Polly Braden: China Between

Dewi Lewis, 2010

     China Everyday

An essay  first published in Polly Braden’s book China Between

China Between is the culmination of over a decade photographing across China. In fact it was in the mid-1990s while she was living in the town of Yangzhou that Polly first took up photography. Making sense of the camera and making sense of China seemed to go hand in hand. Since then she has amassed a huge archive of images, some made on assignment for magazines but most made speculatively. Although there have been plenty of great shots along the way China Between is not the result of cherry picking. No, it has taken most of those years to find the right photographic approach and the majority of images here were made between 2007 and 2010.  What she was trying to discover, without fully knowing it for a long while, was a form of observing, shooting and editing that might express the complicated relation between everyday life in China’s burgeoning cities and the great transformations that have been taking place there.



It almost goes without saying that current art and media representation of China is dominated by epic images. More often than not our attention has been stolen by all things grand: colossal shipyards, teeming workers, gargantuan architecture and crowds of new consumers. These are the motifs by which contemporary China is known, combined mentally with unrepresentable scenes of human rights violations.  It is as if the sheer scale of things or their anxious invisibility were all. To be sure, the epic has a long and complex history in the depiction of China. It was dominant in propaganda of the Mao era with its massed ranks, inhuman heroes and impersonal service to the nation. While that chapter has passed, its visual template persists in the global imagination. The current preference for the epic is in many ways a retooling of that communist aesthetic for the capitalist era. Is it any surprise that the world’s reaction to China has remained consistent across half a century of change, in its nervous fascination and dumbstruck horror?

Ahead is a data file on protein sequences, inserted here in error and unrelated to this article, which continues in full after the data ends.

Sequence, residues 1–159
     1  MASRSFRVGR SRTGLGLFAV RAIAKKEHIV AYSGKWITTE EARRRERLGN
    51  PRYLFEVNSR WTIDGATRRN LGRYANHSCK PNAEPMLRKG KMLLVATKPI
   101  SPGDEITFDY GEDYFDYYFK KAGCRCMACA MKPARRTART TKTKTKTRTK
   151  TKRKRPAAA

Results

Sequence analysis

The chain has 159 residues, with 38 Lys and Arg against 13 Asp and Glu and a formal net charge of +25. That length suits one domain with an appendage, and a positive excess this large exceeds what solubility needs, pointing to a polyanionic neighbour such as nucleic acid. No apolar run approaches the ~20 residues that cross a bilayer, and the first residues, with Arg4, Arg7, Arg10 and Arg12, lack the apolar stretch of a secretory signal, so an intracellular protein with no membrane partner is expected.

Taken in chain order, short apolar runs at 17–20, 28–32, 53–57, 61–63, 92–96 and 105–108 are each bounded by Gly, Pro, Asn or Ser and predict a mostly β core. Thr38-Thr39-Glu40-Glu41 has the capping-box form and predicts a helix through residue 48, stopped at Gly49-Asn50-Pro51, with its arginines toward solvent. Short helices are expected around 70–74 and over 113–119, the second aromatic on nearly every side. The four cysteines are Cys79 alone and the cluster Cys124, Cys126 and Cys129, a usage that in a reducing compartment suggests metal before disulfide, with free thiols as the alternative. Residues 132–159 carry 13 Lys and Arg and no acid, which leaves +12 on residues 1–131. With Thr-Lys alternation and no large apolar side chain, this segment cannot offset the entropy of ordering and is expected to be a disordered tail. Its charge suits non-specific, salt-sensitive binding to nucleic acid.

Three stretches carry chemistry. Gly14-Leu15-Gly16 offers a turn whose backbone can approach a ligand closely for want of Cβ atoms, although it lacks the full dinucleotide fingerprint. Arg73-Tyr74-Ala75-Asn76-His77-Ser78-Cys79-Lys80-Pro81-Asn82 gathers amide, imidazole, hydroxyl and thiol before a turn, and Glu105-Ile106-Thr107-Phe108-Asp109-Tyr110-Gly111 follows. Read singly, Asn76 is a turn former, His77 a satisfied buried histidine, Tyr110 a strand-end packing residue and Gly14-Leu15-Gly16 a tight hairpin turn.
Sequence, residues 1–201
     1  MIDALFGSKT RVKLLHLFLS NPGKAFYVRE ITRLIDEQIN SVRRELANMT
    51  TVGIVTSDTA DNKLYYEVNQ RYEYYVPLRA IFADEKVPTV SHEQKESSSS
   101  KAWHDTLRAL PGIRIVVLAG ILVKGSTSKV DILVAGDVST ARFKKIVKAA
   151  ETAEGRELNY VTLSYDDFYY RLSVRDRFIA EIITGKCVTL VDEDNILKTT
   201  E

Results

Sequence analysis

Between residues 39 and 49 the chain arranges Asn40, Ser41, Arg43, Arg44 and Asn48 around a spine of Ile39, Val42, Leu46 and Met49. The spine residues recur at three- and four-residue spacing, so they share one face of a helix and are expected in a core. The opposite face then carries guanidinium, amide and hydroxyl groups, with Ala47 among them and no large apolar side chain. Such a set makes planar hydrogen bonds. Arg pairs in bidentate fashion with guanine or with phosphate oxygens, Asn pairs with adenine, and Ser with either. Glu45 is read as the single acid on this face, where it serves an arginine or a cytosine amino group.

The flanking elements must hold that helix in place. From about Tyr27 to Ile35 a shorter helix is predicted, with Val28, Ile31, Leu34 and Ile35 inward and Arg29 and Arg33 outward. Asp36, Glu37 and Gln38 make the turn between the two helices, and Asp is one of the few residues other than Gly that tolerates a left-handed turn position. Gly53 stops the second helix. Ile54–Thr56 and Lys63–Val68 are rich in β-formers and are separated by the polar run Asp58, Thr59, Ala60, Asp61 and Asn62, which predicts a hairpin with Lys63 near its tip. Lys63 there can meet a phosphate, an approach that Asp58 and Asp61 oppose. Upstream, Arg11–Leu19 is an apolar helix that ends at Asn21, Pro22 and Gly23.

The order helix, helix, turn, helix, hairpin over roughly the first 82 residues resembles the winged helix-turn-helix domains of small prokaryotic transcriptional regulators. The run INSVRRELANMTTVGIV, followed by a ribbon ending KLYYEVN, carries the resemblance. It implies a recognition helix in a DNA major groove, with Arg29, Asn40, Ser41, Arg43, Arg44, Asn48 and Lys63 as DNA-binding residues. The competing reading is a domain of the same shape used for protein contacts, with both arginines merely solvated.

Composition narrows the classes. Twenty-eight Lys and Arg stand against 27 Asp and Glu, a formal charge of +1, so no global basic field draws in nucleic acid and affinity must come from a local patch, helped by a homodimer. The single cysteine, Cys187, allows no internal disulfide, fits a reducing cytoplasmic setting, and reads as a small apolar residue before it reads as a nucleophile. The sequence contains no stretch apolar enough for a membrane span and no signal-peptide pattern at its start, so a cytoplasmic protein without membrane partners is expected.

Clearly Polly Braden is not an epic photographer. Certainly she is interested in the ‘bigger picture’ of what China has been and what it is today, but that is not the starting point. What interests her? She is an acute noticer of minor details. Patterns of human gesture and surface. The briefest of communications between people. Responses to change that are as pragmatic and poetic as they are political. If a bigger picture emerges it is from a mosaic of such small observations.


Many of these photographs were taken in and around the cities of Xiamen, Shenzhen and Kunming. I guess this makes her a ‘street photographer’ of sorts and her pictures certainly add to the rich legacy of that genre. But this is a little misleading. The decision to work in the street was not immediate. Before this Polly had made countless photographic studies of factory life and work, portraits of dignitaries and artists, landscapes and cityscapes. But it is the street that came to provide the focus. Modern streets have a particular way of registering transition. They belong neither to ‘home’ nor to ‘work’. They are communal and yet official, very public but quite private too. The street is where little truths point to larger ones if you can attune yourself. The way human bodies tell of the conditions of work. The way faces carry or attempt to mask history. The way the very fabric of the street attests to the pace of things. The way signs, clothes and even moods are the result of minor and major forces.